One of the most common questions you get as an author is: where do you get your inspiration? It’s also one of the most complicated and yet simple questions to answer. Anywhere and everywhere, sums it up. Though that’s not particularly helpful or informative to inquisitive readers and aspiring writers.
In an effort to be more helpful and less cryptic, I’ll talk about the Warlord’s Concubine, our newest novel, that just came out this past month. In it, we have the story of a handmaiden to a princess, Mirella, who finds herself under the rule of some barbarous conquerors from the north, who’ve taken over her owner’s city-state.
It’s a tale of conflict, between the two women — the princess and her handmaiden — and between the peoples of Ariste and the conquerors from the north. While it’s centrally a tale of dark romance as developments occur between the new God-King warlord and the two women, at its heart it’s about Mirella’s own growth and struggles as she finds new strength and power in serving a new master.
The opening scene, set atop the Aristean royal families tallest tower, overlooking a burning city below, was partly inspired by the Last T’En trilogy (by Cory Daniells). I read it quite some time ago, and I remembered how the setting — the young noble overlooking her castle as it fell to foreign conquerors — was so striking.
Plot wise, the Last T’En didn’t have any impact as such on the story, they are very different, and the princess of the Warlord’s Concubine is not the saviour of this piece, but that chilling scene from on high as everything you knew burned below you stuck with me. I started writing it without even realizing where that inspiration had come from.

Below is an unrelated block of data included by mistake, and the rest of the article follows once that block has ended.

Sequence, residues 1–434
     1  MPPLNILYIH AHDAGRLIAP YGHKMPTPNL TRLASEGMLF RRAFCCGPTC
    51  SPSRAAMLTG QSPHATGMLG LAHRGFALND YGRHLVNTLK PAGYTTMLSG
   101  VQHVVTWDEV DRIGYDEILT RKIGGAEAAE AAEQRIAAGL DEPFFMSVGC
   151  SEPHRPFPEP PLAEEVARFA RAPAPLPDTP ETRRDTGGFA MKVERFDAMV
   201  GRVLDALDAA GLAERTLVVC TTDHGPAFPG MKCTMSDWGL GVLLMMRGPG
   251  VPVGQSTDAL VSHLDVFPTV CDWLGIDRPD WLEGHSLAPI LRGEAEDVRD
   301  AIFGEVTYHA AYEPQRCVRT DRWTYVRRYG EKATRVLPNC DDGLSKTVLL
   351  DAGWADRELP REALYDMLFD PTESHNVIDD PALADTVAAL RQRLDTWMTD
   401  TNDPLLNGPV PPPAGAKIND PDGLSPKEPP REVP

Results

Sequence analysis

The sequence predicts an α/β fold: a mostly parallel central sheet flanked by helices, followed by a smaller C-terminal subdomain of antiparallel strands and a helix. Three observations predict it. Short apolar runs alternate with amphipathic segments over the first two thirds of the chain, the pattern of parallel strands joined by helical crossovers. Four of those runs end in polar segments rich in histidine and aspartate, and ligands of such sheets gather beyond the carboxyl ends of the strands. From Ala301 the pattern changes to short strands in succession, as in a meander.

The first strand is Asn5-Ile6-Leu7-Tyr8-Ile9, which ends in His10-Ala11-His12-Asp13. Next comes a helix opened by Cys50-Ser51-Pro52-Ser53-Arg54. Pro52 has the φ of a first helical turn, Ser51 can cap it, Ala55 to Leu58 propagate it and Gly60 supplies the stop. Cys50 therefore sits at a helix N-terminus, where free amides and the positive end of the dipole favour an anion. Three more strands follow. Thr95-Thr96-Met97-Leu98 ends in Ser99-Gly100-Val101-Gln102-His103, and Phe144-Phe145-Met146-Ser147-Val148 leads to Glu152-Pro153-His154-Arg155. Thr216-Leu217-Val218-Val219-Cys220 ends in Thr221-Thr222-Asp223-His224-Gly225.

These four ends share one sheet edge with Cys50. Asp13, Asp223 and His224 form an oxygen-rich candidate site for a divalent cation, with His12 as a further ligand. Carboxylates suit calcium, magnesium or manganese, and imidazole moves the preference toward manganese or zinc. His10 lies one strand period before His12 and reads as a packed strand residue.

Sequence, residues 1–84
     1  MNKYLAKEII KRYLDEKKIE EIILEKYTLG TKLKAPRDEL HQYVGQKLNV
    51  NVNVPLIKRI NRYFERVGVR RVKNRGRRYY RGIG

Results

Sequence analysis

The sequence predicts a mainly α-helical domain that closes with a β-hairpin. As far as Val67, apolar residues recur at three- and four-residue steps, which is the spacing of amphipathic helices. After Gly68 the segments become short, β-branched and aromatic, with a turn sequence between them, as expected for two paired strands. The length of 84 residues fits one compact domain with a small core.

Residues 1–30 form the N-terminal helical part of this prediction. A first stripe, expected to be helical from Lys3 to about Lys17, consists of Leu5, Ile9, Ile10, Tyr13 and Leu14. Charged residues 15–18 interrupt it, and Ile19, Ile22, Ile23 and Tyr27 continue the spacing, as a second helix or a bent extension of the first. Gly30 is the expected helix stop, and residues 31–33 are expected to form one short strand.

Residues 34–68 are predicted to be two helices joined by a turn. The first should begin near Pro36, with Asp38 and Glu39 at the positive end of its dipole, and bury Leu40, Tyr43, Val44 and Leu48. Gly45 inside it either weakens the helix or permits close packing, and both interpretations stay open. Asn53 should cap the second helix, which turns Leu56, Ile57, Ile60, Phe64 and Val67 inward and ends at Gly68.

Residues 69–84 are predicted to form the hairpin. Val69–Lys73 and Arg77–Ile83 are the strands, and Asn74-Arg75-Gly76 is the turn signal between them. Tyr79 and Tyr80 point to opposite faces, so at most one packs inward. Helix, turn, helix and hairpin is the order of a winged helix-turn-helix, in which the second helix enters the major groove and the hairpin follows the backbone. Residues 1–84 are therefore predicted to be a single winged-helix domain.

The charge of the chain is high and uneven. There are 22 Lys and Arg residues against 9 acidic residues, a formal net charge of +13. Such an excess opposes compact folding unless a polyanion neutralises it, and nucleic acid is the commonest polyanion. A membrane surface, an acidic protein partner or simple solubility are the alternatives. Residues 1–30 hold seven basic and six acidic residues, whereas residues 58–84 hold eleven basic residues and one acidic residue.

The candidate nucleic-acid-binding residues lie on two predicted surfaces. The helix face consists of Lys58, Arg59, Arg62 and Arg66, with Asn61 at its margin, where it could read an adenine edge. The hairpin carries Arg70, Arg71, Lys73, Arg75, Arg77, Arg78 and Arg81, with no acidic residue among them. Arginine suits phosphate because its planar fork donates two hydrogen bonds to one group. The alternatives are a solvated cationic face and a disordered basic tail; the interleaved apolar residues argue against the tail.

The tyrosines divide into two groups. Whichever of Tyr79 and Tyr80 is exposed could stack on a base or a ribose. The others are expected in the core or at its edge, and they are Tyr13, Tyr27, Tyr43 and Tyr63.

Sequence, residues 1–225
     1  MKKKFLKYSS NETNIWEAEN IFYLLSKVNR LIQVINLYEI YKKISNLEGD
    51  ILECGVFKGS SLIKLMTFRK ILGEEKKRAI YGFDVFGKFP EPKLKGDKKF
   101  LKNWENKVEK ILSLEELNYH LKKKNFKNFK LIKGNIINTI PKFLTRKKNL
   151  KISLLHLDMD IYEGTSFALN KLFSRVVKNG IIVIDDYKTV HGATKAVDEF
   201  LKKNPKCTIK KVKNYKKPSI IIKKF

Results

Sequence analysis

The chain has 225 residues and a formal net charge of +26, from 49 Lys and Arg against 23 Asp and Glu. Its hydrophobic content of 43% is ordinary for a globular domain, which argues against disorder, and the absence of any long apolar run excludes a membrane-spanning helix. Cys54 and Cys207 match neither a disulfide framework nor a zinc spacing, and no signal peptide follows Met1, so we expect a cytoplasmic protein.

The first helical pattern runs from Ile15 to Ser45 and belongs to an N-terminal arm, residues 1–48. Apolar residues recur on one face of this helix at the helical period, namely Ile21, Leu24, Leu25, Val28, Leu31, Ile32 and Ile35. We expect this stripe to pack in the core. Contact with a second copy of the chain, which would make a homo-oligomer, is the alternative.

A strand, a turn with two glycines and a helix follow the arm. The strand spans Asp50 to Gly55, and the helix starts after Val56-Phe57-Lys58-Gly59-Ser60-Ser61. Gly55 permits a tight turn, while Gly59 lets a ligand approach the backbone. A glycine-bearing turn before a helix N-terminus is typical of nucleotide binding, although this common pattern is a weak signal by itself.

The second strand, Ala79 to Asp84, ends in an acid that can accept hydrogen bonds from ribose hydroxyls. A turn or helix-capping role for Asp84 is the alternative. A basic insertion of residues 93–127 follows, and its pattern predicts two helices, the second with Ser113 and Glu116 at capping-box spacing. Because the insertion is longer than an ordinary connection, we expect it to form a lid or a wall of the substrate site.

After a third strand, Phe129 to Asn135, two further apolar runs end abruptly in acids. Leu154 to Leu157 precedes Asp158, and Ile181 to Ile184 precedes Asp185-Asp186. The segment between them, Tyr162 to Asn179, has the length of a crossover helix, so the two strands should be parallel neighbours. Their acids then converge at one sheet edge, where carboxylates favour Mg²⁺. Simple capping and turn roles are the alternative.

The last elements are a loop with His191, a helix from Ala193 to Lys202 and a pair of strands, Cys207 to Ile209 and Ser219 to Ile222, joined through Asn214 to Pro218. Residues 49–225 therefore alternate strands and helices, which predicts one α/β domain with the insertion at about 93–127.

Being a former historian — before I made writing a profession — real world history tends to inform a lot of my work and world building. In very vague terms, the Empire allied with Ariste was inspired in part by Rome, and the Ka’reem conquerors were inspired by typical notions of the Germanic barbarians of the north. This was all on a sort of low level inspirational note however. Unlike a lot of authors I don’t care to borrow from history directly by setting my stories in alternate reality versions of our past world; like Kushiel’s Dart (by Jacqueline Carey), for instance, which seems to be set in an alternate, fantasy world version of France judging by the map provided.
Without getting into spoiler territory, a big inspiration for later parts of the novel as Mirella finds herself absorbed into a group of powerful women was highly influenced by the Dune series (by Frank Herbert). The Bene Gesserit Sisterhood was always fascinating to me, their secretive order spanning a galaxy, influencing politics and wielding great power unseen.
In general, when it comes to ideas and inspiration, we keep a large folder of them on hand. Whenever something cool pops into mind, whether it’s a plot, or a simple inspiration for a cool scene, we jot it down and make note of it. When writing a new story then, if ever you get stuck or feel you need something more, you can reference your list of ideas and see if anything jumps out at you that would be appropriate.
It’s the method I’ve used for years, and it’s helped make the writing process smooth. So there’s always some cool new ideas and plots to enact and write out. Your treasure trove of ideas, plot hooks, and cool inspirations becomes an intensely valuable resource.